With This Axe I Edit

As I’m planning to assign Robert E. Howard’s 1928 Kull story “By This Axe I Rule!” for my philosophy of law class in the fall (yes, really), I was comparing the version in my Kull anthology with one I found online. The former is obviously Howard’s original version or close to it, while the latter (scanning errors apart) has clearly undergone well-meaning editing, slight but pervasive, to tame some of Howard’s eccentricities of punctuation and usage.

Axe of the Apostles

Axe of the Apostles

While many of the revisions are improvements (including a catch of Howard’s losing track of how many assassins were supposed to be at the door, and of the direction in which Ka-nu’s Pictish escort was heading), on the whole it seems to me that the unknown editor had a tin ear for Howard’s language, and the comparison has given me new respect for Howard’s craft as a writer.

Two constructions in particular seem to have attracted the editor’s disfavour – what I’ll call the fast transition (“X happened and then Y happened”) and the slow transition (“X happened. And then Y happened”). In nearly all cases, both kinds of transition get changed to the more grammatically conventional “X happened, and then Y happened” – which I’ll call the medium-speed transition.

But although some of Howard’s punctuational choices admittedly seem a bit random, I don’t think there was anything random in his deployment of fast and slow transitions. (In this story, at least. I haven’t looked through Howard’s other stories with an eye to fast and slow transitions; sufficit diei.) His general preference for fast transitions fits the fast pace of the story; it’s like a cinematic tracking shot. But when he switches to a slow transition there’s a good reason for it. A good example is when Kull tells Seno val Dor: “I am sorry. But I cannot help you.” The editor changes this to “I am sorry, but I cannot help you,” but rushing through the apology like this makes Kull seem dismissive; Howard’s version, pausing on the “I am sorry,” gives it the weight of sincerity. (I would go back and find more of the examples I noticed, but I am too lazy.)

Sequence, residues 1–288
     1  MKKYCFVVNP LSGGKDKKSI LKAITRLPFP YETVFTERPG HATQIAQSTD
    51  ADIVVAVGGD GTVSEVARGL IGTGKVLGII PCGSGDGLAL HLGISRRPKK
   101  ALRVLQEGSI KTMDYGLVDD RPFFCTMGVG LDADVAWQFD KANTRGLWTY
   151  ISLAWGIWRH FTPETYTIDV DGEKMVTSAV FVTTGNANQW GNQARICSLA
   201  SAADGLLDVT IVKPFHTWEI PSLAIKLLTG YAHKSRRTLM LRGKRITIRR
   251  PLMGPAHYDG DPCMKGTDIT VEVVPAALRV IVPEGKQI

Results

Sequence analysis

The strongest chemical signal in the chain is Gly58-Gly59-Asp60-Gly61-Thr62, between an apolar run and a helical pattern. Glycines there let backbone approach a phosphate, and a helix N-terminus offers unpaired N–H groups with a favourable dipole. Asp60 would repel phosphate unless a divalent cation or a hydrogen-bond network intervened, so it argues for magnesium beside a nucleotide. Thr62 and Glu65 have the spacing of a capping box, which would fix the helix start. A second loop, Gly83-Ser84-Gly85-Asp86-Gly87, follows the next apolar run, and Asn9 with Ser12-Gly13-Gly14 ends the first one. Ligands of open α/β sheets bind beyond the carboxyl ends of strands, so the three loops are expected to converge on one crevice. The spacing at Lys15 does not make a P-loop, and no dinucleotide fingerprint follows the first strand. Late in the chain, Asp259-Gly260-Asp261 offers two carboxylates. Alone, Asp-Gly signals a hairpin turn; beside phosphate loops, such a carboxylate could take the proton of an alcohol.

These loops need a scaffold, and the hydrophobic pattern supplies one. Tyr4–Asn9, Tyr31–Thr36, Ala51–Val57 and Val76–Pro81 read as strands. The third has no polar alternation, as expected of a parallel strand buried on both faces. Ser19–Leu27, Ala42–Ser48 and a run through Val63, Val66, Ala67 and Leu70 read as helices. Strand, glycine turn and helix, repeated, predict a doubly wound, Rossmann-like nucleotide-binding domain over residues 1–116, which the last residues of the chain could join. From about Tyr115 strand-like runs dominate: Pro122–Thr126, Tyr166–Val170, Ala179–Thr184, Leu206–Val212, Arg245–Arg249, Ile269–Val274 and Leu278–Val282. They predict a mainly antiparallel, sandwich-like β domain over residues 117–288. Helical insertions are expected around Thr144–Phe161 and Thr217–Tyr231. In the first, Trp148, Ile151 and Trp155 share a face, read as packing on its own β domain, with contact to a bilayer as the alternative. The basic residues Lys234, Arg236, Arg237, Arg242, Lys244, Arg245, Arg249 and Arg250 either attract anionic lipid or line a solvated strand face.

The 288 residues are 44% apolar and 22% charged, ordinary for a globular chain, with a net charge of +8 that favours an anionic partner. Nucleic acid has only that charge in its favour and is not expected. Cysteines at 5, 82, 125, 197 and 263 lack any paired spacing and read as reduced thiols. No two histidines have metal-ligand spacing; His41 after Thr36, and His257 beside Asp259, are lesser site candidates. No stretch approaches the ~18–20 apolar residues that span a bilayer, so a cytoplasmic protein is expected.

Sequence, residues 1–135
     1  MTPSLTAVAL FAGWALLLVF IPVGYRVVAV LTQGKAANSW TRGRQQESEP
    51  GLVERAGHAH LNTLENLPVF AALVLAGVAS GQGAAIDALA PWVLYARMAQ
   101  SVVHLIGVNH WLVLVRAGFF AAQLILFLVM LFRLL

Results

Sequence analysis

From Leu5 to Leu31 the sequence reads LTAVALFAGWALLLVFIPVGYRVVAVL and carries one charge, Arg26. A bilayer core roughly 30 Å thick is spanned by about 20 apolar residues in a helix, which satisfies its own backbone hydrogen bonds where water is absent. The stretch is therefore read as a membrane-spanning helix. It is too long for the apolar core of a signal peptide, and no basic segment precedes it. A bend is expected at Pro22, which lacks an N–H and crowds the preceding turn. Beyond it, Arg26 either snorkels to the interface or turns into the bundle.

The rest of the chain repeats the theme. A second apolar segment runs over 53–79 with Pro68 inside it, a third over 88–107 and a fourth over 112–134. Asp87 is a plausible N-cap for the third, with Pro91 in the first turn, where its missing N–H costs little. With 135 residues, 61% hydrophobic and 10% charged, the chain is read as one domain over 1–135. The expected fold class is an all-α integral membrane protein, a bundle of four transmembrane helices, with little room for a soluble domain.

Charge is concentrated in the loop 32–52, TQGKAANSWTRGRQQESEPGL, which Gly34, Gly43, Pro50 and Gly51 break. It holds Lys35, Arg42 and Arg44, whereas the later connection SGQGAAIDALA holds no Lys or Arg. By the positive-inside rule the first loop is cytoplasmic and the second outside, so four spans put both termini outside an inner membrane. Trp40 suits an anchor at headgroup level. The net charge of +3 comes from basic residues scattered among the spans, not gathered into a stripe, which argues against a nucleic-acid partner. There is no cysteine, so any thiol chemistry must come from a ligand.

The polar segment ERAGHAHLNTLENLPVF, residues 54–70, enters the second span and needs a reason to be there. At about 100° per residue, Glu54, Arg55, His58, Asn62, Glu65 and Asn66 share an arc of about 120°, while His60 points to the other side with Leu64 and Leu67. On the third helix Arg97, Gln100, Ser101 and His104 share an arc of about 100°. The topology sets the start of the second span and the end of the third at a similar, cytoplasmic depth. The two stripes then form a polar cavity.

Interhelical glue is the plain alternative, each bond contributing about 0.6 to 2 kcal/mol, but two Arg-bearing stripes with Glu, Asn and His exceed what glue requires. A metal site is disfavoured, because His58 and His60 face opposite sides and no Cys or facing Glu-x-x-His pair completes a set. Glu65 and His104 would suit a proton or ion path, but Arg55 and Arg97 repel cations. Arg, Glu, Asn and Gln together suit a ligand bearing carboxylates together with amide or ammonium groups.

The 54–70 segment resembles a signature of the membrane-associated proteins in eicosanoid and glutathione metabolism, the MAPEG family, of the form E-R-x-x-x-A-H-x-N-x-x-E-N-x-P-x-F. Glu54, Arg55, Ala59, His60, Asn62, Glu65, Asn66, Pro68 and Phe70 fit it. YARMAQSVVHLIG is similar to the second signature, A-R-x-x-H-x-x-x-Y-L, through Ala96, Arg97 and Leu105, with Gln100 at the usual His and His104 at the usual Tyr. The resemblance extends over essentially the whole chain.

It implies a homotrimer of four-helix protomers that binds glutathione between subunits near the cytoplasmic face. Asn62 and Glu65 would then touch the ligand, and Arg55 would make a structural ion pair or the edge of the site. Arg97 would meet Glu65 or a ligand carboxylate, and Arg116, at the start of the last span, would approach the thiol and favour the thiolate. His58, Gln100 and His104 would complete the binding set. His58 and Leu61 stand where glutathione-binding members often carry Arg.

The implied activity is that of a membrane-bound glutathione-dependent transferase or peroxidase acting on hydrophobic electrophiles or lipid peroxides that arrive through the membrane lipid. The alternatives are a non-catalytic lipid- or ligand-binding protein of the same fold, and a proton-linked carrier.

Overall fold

One reason I think Howard’s preference for fast and slow transitions over medium-speed ones was intentional is that he symbolically incorporates it into his description of Kull:

There was nothing deliberate or measured about his motions – either he was perfectly at rest – still as a bronze statue, or else he was in motion, with that catlike quickness which blurred the sight that tried to follow his movements.

Or again:

Ascalante leaped as a wolf leaps – halted almost in mid-air with the unbelievable speed which characterized him ….

(In that last one it’s almost as though Howard is foreseeing bullet time.)


4 Responses to With This Axe I Edit

  1. Jason July 12, 2012 at 6:36 am #

    How are you planning on using the comic in the class?

    • Roderick July 12, 2012 at 4:24 pm #

      I’m not using the comic, just the original story.

      The story sets up a dichotomy between, on the one hand, hidebound irrational laws that never change and that bind even the ruler, and on the other, a virtuous ruler who sets aside the laws and rules by irresistible decree. Part of my point is that this is a false dichotomy, but more broadly it’s a painless entry into thinking about the value and disvalue of law.

  2. Larry July 17, 2012 at 9:58 am #

    But Roderick, if nobles are allowed to marry slaves, what will prevent them from marrying dogs?

    • Roderick July 19, 2012 at 6:56 pm #

      Kull will prevent it. With his mighty axe. His character is a constitution.

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